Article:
Amy: When I began this course as an “outside” student, I wasn’t exactly sure what to expect. I had not previously spent any time with anyone who had been incarcerated. I was a little nervous and apprehensive, but have realized that if I hadn’t met these young men inside a correctional facility I never would have been able to the tell the difference between the “inside” and outside students. This class has been invaluable to me. It has given me more insight than an entire term full of standard corrections classes could give me based on the interaction and insight from the inside students. We all have a stake in the future of the correctional system, whether we are eventually being released from it, have a future career in it, or just become a regular citizen who is also affected by it. I hope this course will give us all a deeper knowledge of different opinions, and a new found respect for everyone’s opinion, even if it is different than our own.

Andrew: I will take away the knowledge that was shared between the class. It has given me a better outlook on the criminal justice system. Inside out has meant a new start and beginning, and an understanding of others’ outlooks. Great class.

Ben: I will take the knowledge as well as the reasons behind everybody’s thinking. It changed my way of thinking. it opened my eyes. It is a great way to learn, not only about the subject in general, but also the inside students. It is fun. It gave me a chance to open up and listen to what they had to say instead of what media had to say.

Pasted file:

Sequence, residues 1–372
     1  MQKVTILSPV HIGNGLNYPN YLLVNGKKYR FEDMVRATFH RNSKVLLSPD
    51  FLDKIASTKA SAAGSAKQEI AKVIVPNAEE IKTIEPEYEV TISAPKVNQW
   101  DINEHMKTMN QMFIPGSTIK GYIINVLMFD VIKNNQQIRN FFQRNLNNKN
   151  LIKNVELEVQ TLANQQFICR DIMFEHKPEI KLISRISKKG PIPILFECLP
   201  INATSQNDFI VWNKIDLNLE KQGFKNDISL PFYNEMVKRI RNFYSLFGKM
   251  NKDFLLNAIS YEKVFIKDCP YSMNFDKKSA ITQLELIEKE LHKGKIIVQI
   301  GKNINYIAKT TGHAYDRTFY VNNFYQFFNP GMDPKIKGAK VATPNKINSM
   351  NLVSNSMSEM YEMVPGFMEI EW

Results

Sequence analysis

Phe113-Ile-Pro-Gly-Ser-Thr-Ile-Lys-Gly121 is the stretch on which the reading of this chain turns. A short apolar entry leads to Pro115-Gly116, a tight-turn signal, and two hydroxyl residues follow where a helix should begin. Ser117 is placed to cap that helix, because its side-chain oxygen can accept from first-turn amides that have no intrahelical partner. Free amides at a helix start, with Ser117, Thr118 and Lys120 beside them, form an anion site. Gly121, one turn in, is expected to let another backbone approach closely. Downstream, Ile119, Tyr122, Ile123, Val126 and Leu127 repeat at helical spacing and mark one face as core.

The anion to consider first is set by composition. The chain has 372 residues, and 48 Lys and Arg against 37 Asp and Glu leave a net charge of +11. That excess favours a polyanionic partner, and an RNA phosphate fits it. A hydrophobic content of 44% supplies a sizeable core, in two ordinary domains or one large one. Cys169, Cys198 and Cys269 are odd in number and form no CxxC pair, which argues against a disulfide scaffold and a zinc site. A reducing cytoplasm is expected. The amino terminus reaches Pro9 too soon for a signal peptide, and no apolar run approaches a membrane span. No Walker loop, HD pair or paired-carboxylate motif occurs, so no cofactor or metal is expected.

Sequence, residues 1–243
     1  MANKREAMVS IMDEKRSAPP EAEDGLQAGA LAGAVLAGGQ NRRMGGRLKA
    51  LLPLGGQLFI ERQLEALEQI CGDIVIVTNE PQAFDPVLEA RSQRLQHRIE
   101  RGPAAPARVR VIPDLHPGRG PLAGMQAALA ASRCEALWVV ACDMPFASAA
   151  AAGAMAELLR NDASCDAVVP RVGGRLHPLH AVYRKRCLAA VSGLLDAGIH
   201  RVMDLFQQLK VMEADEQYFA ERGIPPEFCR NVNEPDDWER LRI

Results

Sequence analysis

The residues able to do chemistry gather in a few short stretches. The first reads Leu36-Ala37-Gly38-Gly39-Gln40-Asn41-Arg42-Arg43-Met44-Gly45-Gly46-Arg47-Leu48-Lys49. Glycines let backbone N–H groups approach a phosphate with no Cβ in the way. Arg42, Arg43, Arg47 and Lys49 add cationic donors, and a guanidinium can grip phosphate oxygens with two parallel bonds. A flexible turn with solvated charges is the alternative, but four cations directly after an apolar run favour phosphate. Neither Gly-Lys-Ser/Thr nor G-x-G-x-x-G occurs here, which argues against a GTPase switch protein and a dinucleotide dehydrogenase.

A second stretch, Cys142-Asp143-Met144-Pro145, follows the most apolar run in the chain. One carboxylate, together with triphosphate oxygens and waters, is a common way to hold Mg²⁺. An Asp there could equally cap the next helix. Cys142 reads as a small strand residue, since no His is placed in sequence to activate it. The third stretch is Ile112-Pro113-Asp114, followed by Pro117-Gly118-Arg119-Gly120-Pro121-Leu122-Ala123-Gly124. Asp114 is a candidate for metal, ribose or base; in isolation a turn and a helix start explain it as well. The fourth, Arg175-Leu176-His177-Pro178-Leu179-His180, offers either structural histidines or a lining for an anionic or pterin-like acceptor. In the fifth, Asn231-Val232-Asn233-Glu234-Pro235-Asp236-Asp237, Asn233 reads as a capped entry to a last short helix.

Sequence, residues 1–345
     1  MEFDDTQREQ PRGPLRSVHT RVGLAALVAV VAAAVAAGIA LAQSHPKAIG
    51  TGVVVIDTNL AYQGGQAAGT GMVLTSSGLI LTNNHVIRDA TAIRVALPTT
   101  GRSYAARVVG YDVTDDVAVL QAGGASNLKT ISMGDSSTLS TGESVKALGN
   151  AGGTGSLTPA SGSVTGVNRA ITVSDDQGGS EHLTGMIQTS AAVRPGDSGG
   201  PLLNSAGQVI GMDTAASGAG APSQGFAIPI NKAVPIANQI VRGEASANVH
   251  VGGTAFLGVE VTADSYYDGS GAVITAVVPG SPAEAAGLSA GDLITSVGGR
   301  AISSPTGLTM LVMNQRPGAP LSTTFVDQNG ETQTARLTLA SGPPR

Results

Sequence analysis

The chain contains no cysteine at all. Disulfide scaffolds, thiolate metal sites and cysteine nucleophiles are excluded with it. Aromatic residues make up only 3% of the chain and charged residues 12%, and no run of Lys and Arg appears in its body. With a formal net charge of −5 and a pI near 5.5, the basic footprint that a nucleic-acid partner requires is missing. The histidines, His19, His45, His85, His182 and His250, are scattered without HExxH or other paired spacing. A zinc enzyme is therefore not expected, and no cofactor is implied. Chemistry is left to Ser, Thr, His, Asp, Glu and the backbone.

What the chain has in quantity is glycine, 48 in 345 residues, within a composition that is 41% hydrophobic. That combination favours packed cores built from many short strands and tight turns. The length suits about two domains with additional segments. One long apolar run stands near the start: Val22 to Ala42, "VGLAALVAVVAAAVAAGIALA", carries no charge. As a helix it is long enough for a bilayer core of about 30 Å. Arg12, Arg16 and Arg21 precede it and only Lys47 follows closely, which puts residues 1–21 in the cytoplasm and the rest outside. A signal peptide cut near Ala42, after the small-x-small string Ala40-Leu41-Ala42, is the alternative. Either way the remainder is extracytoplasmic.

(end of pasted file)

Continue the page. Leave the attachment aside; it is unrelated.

Beverly: I will take with me a positive attitude, and will advocate for more classes and opportunities. It has given me an open opinion of inside students, and opportunities for them. It was an awesome opportunity to get information from both sides of the criminal justice system. I’ve thoroughly enjoyed this class, and would be interested in other classes as well.

Cindy: I will take with me a lot more knowledge about corrections; also a look on the inside. It gives me a better perspective of inside corrections—what all goes into it. It is a great opportunity to take this class if you are going into the criminal justice program. It gave me more knowledge about the career path that I am taking. Great class. Enjoyed both inside and outside students. Also enjoyed the teachers. Great opportunity.

Danna: Great lessons from class and small group discussions, fond memories, and a greater sense of self-awareness. This class helped me learn how to explain my past struggles in a more positive light. This was a very unique and eye-opening experience that I would highly recommend anyone coming into this field to take. This experience has meant so much to me, and I will continue to carry these lessons and memories with me forever. This class has not only helped me understand corrections better than I did before; it helped immensely with my personal growth.

Felicia: I’ve learned a lot about the criminal justice system, from an inside perspective. I now know how many flaws our criminal justice system has, and a little bit about how it works inside a correctional facility. Inside-Out has helped me to throw out the stereotypical way of thinking that all incarcerated people deserve to be locked up and are bad people. I now know that some are just normal people who made a mistake in life, and everyone makes mistakes. I’m very grateful to have been a part of this group.